From The Making of Eastern Europe: From Prehistory to Postcommunism, by Philip Longworth (Lume Books, 2020), Kindle pp. 308-310:
The nickname Dracul (‘the Dragon’) probably derives from his father’s membership of the Hungarian chivalric Order of the Dragon, although in Romanian it takes on the meaning of a devil, and Vlad was certainly to earn the name with his draconian behaviour. A member of the ruling house of Basarab, he had, like Skanderbeg, been a hostage of the Turks, then turned against them, serving with John Hunyadi, and he was related by blood to King Matthias. Becoming Hospodar (lord) of Wallachia in 1448, he was promptly ousted by a rival, but in 1456 he regained power and this time took better care to keep it.
He built up a personal army of retainers, executed a number of hostile boiars [nobles] and took harsh measures against anyone else who opposed his will. He also tried to promote commerce, established Bucharest as the country’s capital, and in 1459 responded positively to Pius II’s call for a Crusade against the Turks. He withheld the Sultan’s tribute, killed Ottoman emissaries sent to deal with him, and then, in the winter of 1461–2, carried out a devastating assault into Ottoman territory. In a night attack, he routed an Ottoman force that had driven him back across the Danube – an occasion marked by a great slaughter of Turks.
At this point Vlad’s luck began to change. The Turks supported a bid by his half-brother Radu the Handsome to replace him and the movement gained increasing support within Wallachia, partly because of party interests, not least because it promised peace. Then, late in 1462, when the reluctant crusader King Matthias at last reached the ‘Saxon’ city of Brasov in Transylvania at the head of his troops, Vlad went to meet him, expecting, as did the Pope himself, that they would launch a joint operation against the Turks. Instead, Matthias arrested Vlad, took him back to Buda and kept him imprisoned there for thirteen years.
Vlad’s diminishing support in Wallachia no doubt prompted Matthias to have second thoughts about the crusading action he had promised the Pope, though there was another consideration: in an attempt to enrich Wallachia, Vlad had tried to regain territories that had been lost and wrest control of the profitable oriental trade away from the ‘Saxon’ cities of Transylvania (which supported pretenders to his throne) and even attacked them. A new Turkish-backed regime in Wallachia promised to restore the old pattern of trade and, for his part, Matthias was anxious to reassure them, for Transylvania, and the prosperous Saxon cities in particular, constituted an important source of income to the Hungarian treasury. However, he now had to justify his actions to the Pope. This he did so by mounting a highly effective campaign of disinformation against Vlad, incidentally drawing our attention to a facet of humanist activity that is sometimes overlooked: the manufacture of propaganda. In fact the Dracula legend was largely the creation of humanist officials at Matthias’s court.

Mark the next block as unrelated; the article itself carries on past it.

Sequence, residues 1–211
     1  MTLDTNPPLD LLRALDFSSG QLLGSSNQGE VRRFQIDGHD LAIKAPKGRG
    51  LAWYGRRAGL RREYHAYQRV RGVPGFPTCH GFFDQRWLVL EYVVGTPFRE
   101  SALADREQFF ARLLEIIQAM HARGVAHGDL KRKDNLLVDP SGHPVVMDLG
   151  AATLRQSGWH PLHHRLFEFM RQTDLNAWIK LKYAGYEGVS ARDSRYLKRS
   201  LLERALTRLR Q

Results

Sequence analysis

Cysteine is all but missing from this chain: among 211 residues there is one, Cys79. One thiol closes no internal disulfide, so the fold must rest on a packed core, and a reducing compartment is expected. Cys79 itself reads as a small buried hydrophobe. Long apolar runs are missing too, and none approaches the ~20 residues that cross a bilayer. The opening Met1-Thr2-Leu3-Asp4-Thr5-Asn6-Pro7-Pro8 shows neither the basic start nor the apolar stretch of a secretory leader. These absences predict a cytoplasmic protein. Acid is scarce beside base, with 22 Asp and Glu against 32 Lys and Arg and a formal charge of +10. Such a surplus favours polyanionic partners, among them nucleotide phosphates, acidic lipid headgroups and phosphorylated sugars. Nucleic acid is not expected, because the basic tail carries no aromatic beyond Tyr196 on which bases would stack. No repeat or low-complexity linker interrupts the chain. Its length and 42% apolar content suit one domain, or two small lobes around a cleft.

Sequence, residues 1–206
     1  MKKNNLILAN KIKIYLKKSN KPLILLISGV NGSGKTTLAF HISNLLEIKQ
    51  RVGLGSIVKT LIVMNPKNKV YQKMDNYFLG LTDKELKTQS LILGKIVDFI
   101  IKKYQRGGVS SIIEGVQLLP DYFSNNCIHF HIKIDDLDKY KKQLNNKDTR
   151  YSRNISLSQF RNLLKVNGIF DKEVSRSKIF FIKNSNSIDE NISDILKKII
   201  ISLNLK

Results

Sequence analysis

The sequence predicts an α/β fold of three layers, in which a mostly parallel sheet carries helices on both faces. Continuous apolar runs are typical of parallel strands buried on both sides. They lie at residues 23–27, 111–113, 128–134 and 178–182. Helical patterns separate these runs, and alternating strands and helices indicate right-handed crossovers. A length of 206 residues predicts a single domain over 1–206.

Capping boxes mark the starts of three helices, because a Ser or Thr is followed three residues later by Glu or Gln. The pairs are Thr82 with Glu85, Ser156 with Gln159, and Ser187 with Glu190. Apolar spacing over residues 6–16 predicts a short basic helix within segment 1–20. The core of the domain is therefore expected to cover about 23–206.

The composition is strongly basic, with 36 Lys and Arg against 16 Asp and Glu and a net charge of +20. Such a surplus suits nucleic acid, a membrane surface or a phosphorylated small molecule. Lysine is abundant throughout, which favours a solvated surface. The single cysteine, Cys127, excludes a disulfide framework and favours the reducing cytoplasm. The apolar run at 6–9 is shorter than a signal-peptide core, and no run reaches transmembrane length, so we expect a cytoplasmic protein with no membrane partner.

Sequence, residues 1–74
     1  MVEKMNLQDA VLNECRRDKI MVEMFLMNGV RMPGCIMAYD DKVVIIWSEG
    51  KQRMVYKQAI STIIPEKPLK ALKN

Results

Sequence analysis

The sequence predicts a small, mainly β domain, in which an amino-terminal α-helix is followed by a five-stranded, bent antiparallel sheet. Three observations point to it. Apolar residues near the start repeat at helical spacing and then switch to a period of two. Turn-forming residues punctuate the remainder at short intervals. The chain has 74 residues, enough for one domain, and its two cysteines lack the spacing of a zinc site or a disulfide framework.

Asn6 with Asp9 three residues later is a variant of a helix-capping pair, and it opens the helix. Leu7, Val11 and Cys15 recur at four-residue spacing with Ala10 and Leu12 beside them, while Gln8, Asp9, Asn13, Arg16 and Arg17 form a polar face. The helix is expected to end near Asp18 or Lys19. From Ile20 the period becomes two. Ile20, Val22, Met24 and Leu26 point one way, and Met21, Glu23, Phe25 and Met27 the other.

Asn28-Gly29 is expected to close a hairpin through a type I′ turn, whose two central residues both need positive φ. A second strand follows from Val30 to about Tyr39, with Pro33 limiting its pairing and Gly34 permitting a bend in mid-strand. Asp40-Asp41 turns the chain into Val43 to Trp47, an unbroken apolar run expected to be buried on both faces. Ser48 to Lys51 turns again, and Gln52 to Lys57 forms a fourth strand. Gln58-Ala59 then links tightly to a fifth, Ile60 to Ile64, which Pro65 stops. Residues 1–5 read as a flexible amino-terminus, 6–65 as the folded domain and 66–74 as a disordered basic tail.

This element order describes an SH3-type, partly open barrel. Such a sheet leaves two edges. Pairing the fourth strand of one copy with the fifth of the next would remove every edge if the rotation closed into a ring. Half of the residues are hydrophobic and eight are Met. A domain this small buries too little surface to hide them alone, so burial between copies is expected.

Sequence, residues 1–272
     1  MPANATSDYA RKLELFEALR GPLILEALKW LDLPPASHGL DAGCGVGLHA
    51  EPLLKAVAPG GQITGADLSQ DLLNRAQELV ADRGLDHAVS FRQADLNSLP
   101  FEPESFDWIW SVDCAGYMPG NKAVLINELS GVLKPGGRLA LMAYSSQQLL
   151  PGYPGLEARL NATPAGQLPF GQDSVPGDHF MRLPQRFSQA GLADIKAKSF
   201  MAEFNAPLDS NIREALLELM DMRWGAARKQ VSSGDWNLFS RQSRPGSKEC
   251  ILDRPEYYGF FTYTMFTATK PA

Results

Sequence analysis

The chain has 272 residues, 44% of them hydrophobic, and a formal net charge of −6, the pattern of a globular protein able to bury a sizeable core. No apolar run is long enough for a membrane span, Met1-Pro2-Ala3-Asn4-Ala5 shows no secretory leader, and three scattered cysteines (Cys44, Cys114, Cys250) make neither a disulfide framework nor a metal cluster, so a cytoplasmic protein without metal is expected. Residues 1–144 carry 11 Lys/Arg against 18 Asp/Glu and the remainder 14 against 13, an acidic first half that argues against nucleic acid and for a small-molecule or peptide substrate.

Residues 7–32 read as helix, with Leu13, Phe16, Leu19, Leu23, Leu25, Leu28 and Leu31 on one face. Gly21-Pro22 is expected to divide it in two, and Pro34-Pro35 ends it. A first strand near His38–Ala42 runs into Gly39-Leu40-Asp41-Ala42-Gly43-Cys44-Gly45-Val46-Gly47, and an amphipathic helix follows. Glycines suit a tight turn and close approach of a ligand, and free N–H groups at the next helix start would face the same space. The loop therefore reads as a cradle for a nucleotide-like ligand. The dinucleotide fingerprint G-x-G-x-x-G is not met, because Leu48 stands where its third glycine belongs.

The motive was both strong and simple: Pope Pius had to be convinced that, so far from being a doughty Crusader, Vlad was an oppressor, a murderer, a sadist – a disgrace to the Christian cause, from whom he should at all costs distance himself. To this end Janos Vitez, who was to become Primate as well as Chancellor of Hungary, Janus Pannonius, later Bishop of Pecs, and other literary talents at the court of Matthias were set to work. They used the complaints made by the Saxon merchants and stories put about by Vlad’s enemies in Wallachia in their apparently successful attempts to convince Pius; and these stories were essentially true. Vlad had undoubtedly had many people impaled (it was a commonplace form of execution in the region); he had fired many villages (as part of a scorched earth policy in the war against the Turks) and put many Ottoman subjects to death (though Matthias’s own father had once slaughtered a thousand Turkish prisoners).
However, by carefully ignoring the reasons for his actions, and by inventing new tales (for example about his allegedly favourite pastime in prison: slowly picking off the limbs of live insects) they were able to create the impression that Vlad was a traitor, a capricious despot, a sadist and a psychopath. A Latin poem by Pannonius picturing Vlad as a tyrant gained wide currency, and in 1463, as part of a wider propaganda effort, the printing, in German, of the ‘Story of Prince Dracula’ was arranged. It proved highly popular and was subsequently republished many times with embellishments and in several languages. Ultimately it was to provide Bram Stoker with the inspiration to invent a modern, fictional, Dracula. Opinion manipulators of our own times would have had little new to teach a Renaissance humanist.